Roger West of Sound Lab knows about breaking barriers. In the 1970’s Roger was designing speakers for the Electronic Industries Corporation, which owned JansZen Electrostatic Corp. Roger approached EIC with the idea of making a full range electrostatic speaker, but they turned him down as they felt there was no market for it. Roger disagreed and after discussion with his friend, Dr. Dale Ream, they formed Sound Lab Inc. in 1978. Sadly, Dale passed away two years later, but Roger kept the dream alive. Roger and Dale’s vision allowed them to introduce a product that not only broke barriers but also has popularized the concept of highly realistic sounding domestic speakers.
The impetus for the introduction of the U-4iA was shifting cultural and economic changes of the past decade. Roger pointed out that the Great Recession of 2008 seemed to have a lingering, muting effect on discretionary spending, and that downsizing has become fashionable among the middle-age set. I see articles online continually touting micro houses, and those under 25 years of age seem more concerned about “experiencing” life than building a home. A giant speaker would be a non-starter for those with moderate incomes and less square footage than two generations ago.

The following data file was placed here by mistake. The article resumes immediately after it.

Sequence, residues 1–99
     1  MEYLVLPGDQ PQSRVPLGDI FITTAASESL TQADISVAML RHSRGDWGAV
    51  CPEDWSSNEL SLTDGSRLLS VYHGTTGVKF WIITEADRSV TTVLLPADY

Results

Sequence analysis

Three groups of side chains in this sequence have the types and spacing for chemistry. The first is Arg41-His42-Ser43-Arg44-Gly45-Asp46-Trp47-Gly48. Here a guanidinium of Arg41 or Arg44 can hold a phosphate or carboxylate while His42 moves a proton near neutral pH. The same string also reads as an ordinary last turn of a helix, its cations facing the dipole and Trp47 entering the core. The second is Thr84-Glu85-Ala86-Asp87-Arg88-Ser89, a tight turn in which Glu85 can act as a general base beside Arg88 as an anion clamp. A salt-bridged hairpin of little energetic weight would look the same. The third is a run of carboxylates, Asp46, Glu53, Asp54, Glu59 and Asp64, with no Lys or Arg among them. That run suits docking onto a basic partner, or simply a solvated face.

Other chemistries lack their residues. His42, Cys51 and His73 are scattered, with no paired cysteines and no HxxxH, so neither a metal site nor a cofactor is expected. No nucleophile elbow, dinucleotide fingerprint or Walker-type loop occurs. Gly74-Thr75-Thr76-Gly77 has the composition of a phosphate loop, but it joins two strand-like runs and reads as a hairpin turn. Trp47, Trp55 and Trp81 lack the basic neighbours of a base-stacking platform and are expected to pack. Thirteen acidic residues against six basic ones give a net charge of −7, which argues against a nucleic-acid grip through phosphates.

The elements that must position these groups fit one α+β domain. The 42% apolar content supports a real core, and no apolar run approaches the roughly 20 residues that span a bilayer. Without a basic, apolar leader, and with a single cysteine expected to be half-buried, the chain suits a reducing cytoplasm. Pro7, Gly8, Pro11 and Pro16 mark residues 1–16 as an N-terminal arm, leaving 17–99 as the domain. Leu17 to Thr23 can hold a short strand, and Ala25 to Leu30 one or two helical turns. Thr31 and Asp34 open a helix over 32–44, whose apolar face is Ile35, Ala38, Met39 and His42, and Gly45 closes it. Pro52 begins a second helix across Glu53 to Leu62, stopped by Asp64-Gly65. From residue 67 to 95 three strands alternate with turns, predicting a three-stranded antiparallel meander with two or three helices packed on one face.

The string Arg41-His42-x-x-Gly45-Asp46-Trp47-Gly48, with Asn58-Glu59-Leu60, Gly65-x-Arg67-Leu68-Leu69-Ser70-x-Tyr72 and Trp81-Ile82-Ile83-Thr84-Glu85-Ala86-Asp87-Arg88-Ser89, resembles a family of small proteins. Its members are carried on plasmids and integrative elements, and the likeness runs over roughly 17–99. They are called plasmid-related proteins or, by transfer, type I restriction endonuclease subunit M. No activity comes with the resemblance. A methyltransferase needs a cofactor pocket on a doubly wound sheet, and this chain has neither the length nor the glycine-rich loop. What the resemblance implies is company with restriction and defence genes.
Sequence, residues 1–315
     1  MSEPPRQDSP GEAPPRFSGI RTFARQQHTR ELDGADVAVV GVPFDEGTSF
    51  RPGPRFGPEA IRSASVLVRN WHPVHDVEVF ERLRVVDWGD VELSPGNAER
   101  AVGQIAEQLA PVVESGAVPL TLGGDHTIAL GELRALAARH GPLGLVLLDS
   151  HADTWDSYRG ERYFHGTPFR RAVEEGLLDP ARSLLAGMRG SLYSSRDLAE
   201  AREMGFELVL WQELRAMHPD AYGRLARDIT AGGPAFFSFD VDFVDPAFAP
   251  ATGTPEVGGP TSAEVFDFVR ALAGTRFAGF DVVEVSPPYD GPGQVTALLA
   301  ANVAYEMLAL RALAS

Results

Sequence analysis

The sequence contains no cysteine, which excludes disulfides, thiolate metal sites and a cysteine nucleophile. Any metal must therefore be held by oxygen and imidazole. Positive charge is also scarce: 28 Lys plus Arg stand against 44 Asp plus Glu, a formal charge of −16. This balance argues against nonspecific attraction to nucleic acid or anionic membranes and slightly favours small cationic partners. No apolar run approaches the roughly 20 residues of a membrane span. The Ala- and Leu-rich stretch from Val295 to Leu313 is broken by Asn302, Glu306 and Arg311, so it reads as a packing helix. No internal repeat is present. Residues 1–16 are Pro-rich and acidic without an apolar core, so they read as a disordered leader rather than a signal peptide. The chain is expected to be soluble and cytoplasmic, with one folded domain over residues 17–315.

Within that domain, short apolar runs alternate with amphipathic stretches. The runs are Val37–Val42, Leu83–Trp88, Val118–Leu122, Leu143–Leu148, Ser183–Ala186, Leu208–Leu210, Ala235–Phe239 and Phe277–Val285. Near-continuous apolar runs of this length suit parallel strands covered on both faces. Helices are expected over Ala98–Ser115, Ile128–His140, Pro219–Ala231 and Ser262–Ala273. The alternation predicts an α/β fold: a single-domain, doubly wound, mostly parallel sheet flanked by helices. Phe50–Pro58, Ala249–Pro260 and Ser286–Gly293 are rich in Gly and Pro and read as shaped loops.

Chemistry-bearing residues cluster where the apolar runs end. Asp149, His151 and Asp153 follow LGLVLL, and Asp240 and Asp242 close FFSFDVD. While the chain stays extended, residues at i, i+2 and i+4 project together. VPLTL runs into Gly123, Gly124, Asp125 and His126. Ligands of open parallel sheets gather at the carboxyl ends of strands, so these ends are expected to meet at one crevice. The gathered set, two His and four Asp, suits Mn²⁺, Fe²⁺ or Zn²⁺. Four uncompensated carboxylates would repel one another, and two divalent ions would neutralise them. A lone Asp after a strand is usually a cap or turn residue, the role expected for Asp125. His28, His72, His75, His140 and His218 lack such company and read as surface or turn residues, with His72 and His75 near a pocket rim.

Consequently, the smallest speaker in the Ultimate line has been birthed, the technically named U-4iA, interpreted as the next sequential number in the Ultimate series with identical appearance, or “iA.” It was a bolt of marketing lightning that the technical description phonetically yields “Euphoria.” Some products are simply meant for greatness and the U-4iA is one of those products.
Like the big ones
As a member of the Ultimate Series, the U-4iA shares attributes both adopted from the other members of the line as well as shared with them. Development of the U-4iA has led to a revamping of the technology employed by Sound Lab to achieve a new threshold of ultimate performance. The long-standing appearance of the massive curvilinear drivers ensconced in grill cloth material and the ground-hugging power supply hanging off the back at the rear like an outboard motor on a boat is unchanged. Still, the introduction of massively thick metal framing in place of wood lends a seriousness and robust build quality that shouts, “I mean business!” The entire business arrives in three hefty wooden crates that are extremely well constructed and internally padded. You may not be able to drop them from a helicopter, but you can with some assurance ship them in the crates across the world without too much concern of damage. Those with cause to consider shipping will find Sound Lab to be competent crate builders.